Digital Health: Answer to Challenges of UN SDG 3

United Nations’ SDG Goal 3 is to ensure healthy lives and to promote wellbeing for all.

In the modern day, the human body can be broken down to bits and bytes; digitalised, deconstructed and expressed in binary form. Digital doctors can assess patients based on AI. The medicine is in the mail.

The World Health Organisation (WHO) says the aims of SDG 3 includes universal health coverage and financial risk protection, as well as access to quality essential healthcare services and essential medicines and vaccines. SDG 3 involves strengthening the capacity of all countries for early warning, risk-reduction, and management of national and global health risks.


The digital health ecosystem provides answers to the challenges of emerging and frontier economies without proper primary care for growing populations, as well as developed economies with increasing costs but without universal healthcare (US) and with aging populations (Europe).

Global systems need to be reconfigured for efficiency. Redefining health and wellness through prevention and a holistic approach must be embraced. Commercialising new healthcare technology — including with mobile access to data — become paramount in a person-centred health-ecosystem.

The use of generic drugs must be boosted to lower costs. The preconceived notion that generics are of worse quality can be put to the test by consumers, but the rampant counterfeit drug market is estimated at $200bn.

Medicine verification has become a hot issue. The world has been plagued by fake medicine. New regulations to the rescue… Most prescription medicines in the EU are required to use a unique identifier (QR-type code) and tamper-proof packaging. The EU is advancing mandatory medicine supply chain security systems, including tracking systems.

The counterfeit drug problem has also been identified by the US Food and Drug Administration (FDA) which has plans to pilot new technologies, including blockchain, to track and trace pharmaceuticals.

The pharmaceutical supply-chain needs to become completely inter-operable. Sharing of information between manufacturers, packagers, wholesalers, distributors and dispensers is critical. It is now a legal requirement in the EU for pharmacies and hospitals to scan each medicine for verification at the end of the supply chain before dispensing to patients.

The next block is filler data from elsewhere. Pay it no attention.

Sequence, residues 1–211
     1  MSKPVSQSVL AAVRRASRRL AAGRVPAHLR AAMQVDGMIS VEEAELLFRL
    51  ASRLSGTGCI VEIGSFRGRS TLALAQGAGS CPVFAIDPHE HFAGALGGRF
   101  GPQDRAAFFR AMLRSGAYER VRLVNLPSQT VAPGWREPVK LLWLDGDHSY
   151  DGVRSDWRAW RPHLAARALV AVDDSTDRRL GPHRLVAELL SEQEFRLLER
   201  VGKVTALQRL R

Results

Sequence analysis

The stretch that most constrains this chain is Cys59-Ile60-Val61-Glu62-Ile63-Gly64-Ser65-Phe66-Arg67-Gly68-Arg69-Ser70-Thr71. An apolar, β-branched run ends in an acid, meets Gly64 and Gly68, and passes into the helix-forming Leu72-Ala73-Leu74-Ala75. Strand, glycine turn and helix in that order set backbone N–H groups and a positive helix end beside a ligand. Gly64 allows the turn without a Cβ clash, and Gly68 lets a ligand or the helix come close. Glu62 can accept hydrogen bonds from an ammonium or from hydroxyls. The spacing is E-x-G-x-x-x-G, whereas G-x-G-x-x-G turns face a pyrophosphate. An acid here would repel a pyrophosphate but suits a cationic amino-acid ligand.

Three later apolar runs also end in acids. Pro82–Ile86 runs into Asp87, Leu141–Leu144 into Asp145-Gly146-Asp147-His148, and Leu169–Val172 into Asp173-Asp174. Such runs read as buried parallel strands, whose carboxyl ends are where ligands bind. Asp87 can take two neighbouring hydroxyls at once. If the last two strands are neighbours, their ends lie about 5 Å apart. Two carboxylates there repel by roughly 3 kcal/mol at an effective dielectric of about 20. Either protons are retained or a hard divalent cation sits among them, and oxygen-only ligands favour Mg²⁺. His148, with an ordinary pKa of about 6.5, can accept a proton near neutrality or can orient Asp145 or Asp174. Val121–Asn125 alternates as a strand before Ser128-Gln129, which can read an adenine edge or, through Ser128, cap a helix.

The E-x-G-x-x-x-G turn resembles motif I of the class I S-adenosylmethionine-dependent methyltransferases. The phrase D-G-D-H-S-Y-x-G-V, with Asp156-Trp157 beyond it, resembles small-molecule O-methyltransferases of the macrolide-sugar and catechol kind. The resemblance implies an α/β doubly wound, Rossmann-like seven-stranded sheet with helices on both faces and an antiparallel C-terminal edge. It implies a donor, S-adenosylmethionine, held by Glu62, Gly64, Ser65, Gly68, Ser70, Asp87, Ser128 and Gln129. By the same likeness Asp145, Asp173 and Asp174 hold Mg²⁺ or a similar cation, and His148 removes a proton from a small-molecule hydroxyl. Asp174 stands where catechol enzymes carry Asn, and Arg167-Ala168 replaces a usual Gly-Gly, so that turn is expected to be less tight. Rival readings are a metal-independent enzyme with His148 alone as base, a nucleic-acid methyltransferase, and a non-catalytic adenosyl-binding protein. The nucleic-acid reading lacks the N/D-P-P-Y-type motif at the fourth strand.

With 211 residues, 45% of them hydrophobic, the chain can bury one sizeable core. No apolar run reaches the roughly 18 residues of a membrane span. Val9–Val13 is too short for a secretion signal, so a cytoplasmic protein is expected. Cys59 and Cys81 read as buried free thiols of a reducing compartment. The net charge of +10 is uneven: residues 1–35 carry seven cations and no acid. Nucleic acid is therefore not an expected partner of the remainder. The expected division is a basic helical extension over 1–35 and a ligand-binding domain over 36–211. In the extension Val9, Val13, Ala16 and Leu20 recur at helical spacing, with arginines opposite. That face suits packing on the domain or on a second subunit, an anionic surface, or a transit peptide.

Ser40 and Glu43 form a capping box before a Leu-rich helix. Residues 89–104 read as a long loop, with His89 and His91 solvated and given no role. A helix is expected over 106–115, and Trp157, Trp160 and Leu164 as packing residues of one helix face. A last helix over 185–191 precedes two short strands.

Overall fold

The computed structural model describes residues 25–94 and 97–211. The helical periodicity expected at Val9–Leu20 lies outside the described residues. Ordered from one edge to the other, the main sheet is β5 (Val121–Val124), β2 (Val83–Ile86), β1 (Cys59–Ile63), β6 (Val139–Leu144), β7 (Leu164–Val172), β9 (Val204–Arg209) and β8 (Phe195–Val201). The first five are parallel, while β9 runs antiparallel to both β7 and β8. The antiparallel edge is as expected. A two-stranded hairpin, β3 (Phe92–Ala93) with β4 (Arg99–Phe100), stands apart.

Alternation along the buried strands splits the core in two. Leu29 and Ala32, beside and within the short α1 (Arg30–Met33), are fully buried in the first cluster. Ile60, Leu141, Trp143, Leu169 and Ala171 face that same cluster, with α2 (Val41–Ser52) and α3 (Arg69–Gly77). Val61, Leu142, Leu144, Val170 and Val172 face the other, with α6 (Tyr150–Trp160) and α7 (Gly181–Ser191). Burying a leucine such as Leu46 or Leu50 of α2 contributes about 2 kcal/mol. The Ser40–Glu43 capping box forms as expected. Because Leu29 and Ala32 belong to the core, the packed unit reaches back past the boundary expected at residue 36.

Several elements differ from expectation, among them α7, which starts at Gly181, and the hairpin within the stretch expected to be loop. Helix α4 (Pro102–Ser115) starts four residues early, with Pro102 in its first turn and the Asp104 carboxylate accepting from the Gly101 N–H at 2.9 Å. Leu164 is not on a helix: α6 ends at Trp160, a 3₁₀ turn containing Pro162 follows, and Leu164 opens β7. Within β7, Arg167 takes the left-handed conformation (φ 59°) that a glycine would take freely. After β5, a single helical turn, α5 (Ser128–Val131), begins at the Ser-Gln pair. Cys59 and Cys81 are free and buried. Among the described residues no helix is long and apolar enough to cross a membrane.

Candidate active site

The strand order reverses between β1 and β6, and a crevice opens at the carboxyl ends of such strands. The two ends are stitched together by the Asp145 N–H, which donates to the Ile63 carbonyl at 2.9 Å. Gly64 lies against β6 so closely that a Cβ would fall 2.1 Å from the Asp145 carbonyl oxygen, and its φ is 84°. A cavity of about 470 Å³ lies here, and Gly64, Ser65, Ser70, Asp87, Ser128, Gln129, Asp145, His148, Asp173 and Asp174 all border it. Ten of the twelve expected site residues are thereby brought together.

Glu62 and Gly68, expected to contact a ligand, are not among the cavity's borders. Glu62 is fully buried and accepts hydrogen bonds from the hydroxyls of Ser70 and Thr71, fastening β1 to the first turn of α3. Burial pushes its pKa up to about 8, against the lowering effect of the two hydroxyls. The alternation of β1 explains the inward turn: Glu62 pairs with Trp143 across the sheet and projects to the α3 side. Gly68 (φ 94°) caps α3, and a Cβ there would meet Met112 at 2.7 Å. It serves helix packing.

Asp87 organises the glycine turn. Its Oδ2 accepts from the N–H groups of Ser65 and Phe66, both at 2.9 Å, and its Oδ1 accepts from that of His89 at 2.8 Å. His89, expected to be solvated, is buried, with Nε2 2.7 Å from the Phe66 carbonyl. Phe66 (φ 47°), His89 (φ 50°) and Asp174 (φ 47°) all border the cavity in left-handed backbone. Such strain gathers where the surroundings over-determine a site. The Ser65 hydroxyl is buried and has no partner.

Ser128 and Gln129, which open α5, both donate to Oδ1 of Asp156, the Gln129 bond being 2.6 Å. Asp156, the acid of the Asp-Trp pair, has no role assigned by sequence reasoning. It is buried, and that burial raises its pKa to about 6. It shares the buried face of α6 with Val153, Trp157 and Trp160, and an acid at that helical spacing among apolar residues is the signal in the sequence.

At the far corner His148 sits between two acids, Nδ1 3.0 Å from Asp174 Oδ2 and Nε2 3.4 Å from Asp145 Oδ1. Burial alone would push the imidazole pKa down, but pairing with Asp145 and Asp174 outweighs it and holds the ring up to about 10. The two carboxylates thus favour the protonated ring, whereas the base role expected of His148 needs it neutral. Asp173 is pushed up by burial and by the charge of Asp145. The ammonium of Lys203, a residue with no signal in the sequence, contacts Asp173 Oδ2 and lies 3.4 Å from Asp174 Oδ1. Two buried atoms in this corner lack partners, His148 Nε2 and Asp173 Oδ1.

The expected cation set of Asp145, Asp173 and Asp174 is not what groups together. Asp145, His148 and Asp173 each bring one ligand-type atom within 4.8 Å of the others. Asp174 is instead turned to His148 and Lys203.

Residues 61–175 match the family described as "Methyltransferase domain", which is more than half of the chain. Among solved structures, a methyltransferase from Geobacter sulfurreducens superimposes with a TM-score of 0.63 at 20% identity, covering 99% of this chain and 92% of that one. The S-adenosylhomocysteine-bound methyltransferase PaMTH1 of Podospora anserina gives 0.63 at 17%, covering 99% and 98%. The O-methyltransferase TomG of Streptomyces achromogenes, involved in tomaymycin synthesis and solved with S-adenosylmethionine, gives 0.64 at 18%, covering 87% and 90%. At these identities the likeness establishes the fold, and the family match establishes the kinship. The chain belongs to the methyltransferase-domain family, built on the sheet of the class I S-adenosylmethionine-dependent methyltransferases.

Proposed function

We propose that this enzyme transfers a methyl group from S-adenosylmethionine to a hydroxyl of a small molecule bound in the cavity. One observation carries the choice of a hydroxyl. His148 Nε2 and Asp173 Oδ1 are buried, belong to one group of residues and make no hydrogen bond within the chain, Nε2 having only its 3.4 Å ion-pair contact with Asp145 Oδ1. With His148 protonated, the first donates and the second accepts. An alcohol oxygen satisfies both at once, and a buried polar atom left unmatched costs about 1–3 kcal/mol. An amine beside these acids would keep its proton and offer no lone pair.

Located in the buzzing technology hub Internet City in the UAE, Verofax has proprietary technology for medicine verification, including an app for claims and tamper substantiation. Verofax solutions are now being integrated with the UAE government’s smart approach to health. Verofax’s plans involve licensing their solutions to enable third party sales of generic medicines through integration with e-prescriptions and international e-pharmacy platforms.

The technology Verofax has developed is based on triple verification IP and patent verification and claim (verify patient ID and medicine condition). This allows for delivery of prescription medicines to patients, validated on the blockchain by all stakeholders. Verofax innovative B2B2C solution empowers instant patient verification with the use of their mobile phones.


Verofax simplifies the ordering of controlled and prescribed medicines, delivering significant added-value to the healthcare ecosystem and benefit to insurance companies.

For all the players — from manufacturer to end-user — the system creates value and risk reduction. The individual parts — think digital medical registry and virtual reality in the clinical setting — play a role. Combined, the benefits of the system are legion.

AI and machine learning tools assist (augment) medical practitioners but should not replace them. The automated “digital doctors” support human decision-making. Human judgement supporting technologies based on Mixed Reality (augmented reality and virtual reality combined) hold much potential, such as in medical imaging.

Well-integrated e-Health promises better patient outcomes with time saved, added convenience and risk-reduction. Other benefits include biometric verification, which enables real-time feedback from the patient and early warnings.

To roll out such a system for triple verification requires government licenses and pilot schemes. The success requires the integration of payment solutions, biometric ID authentication, and tamper-proof packaging. Compliance means robust regtech and data security (GDPR) solutions.

Blockchain holds the power to secure the integrity of the overall system. The benefits of the distributed common ledger means the data is accessible to only dedicated users, secure from external interference.

Blockchain and transparent data empower people to securely manage their wellbeing. They have control over, and access to, their personal healthcare records. The blockchain-powered system also means healthcare providers have improved digital tools.

Embracing the Fourth Industrial Revolution can help to fulfil UN SDG Goal 3; the future is data-driven. The epoch of medical digitalisation has arrived.

About the Author


Author: Tor Svensson in Geneva

Tor Svensson, Chairman of Capital Finance International (, is Senior Advisor to a UN recognised NGO.

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